In recent years, there has been a strong push to move everything to a centralized cloud, enabled by virtualization and driven by the need to cut costs, reduce the time to market for new services, and increase flexibility. In recent years fog computing have discussed how location impacts performance, efficient use of network resources and subscriber experience. Physical distance inevitably increases latency. Therefore, the OpenFog Consortium was organized to develop a cross-industry approach to enabling end-to-end IoT deployments by creating a reference architecture to drive interoperability in connecting the edge and the cloud. The group has identified numerous IoT use cases that require edge computing including smart buildings, drone-based delivery services, real-time subsurface imaging, traffic congestion management and video surveillance. The group released a fog computing reference architecture in February 2017.
Now it seems that Microsoft is pursuing to push the cloud to the edge.
Microsoft has recently introduced IoT Edge and Azure Sphere, their first reference design that aims to combine the power of a new class of microcontroller (MCU) with built-in security, a purpose-built OS that is optimized for security and agility, and a cloud security service that guards the device. Azure Sphere is targeted towards the outer regions of the intelligent edge and is Microsoft’s push to serve the billions of MCU-powered devices that are built and deployed each year.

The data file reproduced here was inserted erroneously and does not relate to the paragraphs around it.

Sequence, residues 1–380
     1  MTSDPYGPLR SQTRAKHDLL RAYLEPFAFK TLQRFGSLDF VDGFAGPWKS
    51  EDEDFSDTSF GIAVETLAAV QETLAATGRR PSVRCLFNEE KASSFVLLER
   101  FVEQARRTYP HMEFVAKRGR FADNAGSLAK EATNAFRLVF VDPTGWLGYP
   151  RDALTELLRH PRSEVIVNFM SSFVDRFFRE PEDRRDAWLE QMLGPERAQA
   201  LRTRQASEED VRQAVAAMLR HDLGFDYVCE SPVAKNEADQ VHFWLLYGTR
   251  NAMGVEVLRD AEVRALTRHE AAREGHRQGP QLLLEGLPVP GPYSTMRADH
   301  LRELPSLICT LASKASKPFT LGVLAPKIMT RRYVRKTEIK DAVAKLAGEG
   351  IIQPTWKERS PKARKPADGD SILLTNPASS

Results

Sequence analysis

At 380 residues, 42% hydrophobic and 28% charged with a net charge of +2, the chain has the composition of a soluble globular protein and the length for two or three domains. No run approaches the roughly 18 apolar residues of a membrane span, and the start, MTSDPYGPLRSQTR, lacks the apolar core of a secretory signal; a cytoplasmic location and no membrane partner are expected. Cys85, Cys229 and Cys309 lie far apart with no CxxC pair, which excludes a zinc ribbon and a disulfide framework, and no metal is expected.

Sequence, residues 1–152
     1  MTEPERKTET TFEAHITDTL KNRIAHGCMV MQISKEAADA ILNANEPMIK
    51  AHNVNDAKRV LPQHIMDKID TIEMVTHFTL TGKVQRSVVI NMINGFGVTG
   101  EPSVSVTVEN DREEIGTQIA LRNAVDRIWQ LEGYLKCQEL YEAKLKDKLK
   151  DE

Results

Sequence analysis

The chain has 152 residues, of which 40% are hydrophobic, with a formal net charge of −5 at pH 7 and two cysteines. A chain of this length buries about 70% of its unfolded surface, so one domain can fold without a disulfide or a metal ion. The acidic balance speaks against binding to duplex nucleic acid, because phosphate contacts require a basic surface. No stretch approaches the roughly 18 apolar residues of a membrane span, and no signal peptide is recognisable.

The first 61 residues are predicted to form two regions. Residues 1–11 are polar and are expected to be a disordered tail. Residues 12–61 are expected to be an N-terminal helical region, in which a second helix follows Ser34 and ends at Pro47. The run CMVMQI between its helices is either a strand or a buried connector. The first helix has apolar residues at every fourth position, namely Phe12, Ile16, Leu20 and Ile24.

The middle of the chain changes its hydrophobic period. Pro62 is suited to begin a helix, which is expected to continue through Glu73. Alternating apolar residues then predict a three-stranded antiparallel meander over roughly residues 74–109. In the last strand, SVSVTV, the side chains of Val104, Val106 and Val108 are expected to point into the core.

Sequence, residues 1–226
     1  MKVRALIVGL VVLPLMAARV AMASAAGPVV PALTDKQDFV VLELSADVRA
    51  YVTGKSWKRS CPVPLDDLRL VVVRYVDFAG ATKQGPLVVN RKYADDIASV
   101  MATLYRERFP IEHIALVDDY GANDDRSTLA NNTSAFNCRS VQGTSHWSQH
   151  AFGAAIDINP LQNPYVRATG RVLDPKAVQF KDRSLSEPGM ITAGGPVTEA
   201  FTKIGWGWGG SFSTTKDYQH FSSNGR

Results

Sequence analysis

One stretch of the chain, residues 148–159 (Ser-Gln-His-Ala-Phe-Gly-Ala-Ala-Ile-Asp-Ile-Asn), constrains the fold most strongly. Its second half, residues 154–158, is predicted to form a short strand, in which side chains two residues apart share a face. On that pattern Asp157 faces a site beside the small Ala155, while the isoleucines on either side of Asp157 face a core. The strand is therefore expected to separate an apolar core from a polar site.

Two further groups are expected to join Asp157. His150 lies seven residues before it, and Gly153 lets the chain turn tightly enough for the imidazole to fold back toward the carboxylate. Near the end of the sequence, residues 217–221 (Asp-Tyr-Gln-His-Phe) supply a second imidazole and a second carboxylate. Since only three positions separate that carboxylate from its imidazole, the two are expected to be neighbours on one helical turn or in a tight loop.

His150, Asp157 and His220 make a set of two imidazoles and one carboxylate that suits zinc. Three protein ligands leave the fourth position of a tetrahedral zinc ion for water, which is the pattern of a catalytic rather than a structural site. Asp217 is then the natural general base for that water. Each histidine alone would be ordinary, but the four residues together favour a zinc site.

The Azure Sphere's three areas are: a secure Microcontroller unit, that by design and production will have an in-built security layer; an OS running an embedded Linux Kernel; a service provided by Azure brokering trust for device-to-device and device-to-cloud communication.
Today, Azure Sphere is in private preview and the first devices equipped with the secured OS and MCU is according to Microsoft expected to ship by the end of 2018.
Senior Advisor Dennis Schneidermann, email@example.com, +45 70 23 50 05.